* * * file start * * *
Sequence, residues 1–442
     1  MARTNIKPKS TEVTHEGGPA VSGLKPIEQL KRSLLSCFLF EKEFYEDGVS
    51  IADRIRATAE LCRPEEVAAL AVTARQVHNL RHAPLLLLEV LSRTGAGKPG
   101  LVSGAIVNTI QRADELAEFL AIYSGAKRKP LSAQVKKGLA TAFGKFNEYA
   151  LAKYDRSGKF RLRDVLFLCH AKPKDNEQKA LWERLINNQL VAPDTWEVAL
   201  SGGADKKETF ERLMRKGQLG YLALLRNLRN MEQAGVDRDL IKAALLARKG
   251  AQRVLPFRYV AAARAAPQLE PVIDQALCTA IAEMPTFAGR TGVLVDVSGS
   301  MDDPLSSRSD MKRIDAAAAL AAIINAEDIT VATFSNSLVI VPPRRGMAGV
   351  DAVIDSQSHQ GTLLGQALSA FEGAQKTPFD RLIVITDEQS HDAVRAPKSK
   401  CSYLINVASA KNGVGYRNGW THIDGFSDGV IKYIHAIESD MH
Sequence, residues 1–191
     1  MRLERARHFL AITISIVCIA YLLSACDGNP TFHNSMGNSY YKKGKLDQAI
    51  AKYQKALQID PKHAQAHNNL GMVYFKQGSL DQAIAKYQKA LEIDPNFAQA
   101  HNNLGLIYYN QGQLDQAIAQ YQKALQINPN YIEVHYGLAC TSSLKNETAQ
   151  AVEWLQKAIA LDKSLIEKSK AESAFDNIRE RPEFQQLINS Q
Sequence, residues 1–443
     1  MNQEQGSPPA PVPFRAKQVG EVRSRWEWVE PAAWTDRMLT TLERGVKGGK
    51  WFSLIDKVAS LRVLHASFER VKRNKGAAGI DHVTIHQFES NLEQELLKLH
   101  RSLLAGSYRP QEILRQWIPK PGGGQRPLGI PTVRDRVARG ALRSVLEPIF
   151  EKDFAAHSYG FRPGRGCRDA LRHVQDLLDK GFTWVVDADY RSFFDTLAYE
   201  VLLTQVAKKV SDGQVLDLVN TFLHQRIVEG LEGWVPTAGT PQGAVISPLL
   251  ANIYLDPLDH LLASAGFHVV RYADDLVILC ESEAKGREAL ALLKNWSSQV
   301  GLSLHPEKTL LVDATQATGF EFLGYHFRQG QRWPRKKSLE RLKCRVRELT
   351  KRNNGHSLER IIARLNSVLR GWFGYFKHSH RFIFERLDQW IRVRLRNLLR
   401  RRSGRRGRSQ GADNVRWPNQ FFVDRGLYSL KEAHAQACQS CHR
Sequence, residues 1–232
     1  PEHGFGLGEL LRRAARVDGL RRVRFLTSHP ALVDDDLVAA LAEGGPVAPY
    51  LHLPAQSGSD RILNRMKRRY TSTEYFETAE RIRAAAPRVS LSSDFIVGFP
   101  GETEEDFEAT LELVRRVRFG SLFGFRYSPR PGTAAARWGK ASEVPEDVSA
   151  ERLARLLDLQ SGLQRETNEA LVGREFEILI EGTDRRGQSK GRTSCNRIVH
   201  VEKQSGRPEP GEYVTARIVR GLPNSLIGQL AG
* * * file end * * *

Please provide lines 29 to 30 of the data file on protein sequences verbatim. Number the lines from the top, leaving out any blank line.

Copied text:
   101  GETEEDFEAT LELVRRVRFG SLFGFRYSPR PGTAAARWGK ASEVPEDVSA
   151  ERLARLLDLQ SGLQRETNEA LVGREFEILI EGTDRRGQSK GRTSCNRIVH